"Everyone in the world, one way or another has gone to bed with fear or pain or loss or disappointment. And yet each of us has awakened arisen, somehow made our abolitions and said "morning, how are ya?... Fine, thanks, and you?". It's amazing. Wherever that abides in the human being, there is the nobleness of the human spirit. Despite it all..."
- Maya Angelou
On the anniversary of Martin Luthor King's assassination, I was drawn to a commemorative interactive 'Google Doodle' that made me (and I suspect millions of others) pause on the wonderful poem by Maya Angelou called 'And Still I Rise'.
You can tell from her comment above that even though its roots lie in the Human Rights struggles of Dr King, Maya and, many others, she actually wrote it for us all.
And Still I Rise
You may write me down in history
With your bitter, twisted lies,
You may trod me in the very dirt
But still, like dust, I'll rise.
Does my sassiness upset you?
Why are you beset with gloom?
'Cause I walk like I've got oil wells
Pumping in my living room.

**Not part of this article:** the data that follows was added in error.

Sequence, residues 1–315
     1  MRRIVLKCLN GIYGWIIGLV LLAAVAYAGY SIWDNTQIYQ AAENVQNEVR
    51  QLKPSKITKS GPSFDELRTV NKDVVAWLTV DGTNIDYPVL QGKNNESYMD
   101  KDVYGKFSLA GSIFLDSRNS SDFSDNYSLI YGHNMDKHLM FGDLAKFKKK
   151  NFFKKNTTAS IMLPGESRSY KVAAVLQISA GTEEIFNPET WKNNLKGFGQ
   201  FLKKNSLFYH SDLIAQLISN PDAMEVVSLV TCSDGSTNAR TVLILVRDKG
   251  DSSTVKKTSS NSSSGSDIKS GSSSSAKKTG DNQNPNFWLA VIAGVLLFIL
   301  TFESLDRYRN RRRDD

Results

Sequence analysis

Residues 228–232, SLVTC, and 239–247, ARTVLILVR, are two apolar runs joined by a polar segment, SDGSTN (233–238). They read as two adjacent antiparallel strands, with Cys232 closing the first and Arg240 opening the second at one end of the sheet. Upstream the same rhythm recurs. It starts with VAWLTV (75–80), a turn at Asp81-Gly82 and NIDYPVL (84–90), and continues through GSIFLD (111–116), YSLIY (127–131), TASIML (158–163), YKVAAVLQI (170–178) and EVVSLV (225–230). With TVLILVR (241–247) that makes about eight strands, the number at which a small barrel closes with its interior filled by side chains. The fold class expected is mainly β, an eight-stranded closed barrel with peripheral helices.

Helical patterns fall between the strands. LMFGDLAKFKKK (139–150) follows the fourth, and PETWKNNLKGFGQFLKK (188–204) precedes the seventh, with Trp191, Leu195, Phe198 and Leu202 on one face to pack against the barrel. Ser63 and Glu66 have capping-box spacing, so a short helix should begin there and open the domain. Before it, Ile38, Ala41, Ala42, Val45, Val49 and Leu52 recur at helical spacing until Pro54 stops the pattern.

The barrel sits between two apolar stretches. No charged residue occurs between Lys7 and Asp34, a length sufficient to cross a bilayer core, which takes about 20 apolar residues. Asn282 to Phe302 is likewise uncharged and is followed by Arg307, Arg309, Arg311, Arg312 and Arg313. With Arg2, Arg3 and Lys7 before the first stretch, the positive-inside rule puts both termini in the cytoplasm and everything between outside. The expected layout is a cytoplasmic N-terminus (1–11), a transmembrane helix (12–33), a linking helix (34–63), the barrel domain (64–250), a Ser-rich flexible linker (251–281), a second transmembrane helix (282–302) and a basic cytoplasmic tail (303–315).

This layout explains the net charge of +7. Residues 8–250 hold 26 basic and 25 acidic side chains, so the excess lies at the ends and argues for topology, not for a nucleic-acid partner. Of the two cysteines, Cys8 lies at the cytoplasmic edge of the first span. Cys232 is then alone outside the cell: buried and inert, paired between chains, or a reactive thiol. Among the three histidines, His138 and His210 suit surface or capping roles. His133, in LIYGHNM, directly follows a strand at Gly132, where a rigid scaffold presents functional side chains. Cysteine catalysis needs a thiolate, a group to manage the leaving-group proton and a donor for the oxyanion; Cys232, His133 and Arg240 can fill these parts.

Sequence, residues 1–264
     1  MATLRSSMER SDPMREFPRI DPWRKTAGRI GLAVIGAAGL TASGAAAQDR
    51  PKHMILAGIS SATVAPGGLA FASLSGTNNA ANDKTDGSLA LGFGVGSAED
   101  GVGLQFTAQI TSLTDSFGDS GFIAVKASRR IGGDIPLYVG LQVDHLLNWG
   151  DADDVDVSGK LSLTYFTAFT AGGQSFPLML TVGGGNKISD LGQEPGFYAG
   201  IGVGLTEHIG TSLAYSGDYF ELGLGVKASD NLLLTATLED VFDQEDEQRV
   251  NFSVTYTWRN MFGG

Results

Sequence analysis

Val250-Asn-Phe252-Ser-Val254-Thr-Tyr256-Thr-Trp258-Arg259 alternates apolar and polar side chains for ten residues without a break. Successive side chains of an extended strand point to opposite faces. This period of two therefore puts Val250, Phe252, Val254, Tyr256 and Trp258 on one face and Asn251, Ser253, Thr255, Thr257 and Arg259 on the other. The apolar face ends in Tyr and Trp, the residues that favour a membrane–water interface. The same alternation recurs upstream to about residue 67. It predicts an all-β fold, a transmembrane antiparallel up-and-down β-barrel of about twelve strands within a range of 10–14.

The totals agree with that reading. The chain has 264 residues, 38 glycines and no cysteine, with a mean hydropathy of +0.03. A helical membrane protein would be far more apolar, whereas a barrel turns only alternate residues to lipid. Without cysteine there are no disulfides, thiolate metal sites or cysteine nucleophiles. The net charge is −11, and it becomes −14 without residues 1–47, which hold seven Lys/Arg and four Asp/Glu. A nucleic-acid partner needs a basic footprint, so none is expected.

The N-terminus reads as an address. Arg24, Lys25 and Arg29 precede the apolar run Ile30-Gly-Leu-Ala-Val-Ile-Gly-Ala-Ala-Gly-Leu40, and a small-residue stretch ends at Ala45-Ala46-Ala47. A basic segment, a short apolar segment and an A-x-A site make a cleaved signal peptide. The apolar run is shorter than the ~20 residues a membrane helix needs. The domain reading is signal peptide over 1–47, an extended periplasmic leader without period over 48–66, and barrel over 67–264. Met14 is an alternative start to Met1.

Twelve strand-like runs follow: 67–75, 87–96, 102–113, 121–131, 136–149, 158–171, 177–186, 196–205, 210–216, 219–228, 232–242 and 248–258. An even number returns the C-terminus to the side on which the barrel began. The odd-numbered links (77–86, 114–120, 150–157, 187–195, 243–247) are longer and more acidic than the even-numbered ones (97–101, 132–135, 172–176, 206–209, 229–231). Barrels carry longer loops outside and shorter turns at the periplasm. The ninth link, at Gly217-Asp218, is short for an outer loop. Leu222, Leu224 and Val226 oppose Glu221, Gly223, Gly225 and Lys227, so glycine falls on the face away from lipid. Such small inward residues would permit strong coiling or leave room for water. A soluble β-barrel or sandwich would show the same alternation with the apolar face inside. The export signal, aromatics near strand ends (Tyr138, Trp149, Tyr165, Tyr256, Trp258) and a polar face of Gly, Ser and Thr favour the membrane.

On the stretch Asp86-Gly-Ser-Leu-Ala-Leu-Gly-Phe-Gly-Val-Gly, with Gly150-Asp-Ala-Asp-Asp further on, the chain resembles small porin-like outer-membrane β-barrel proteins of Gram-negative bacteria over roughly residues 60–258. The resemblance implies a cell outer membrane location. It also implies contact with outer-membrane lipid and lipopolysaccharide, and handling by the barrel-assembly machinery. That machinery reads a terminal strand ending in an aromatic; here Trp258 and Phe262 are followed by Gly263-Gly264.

Just like moons and like suns,
With the certainty of tides,
Just like hopes springing high,
Still I'll rise.
Did you want to see me broken?
Bowed head and lowered eyes?
Shoulders falling down like teardrops,
Weakened by my soulful cries?
Does my haughtiness offend you?
Don't you take it awful hard
'Cause I laugh like I've got gold mines
Diggin' in my own backyard.
You may shoot me with your words,
You may cut me with your eyes,
You may kill me with your hatefulness,
But still, like air, I'll rise.
Does my sexiness upset you?
Does it come as a surprise
That I dance like I've got diamonds
At the meeting of my thighs?
Out of the huts of history's shame
Up from a past that's rooted in pain
I'm a black ocean, leaping and wide,
Welling and swelling I bear in the tide.
Leaving behind nights of terror and fear
Into a daybreak that's wondrously clear
Bringing the gifts that my ancestors gave,
I am the dream and the hope of the slave.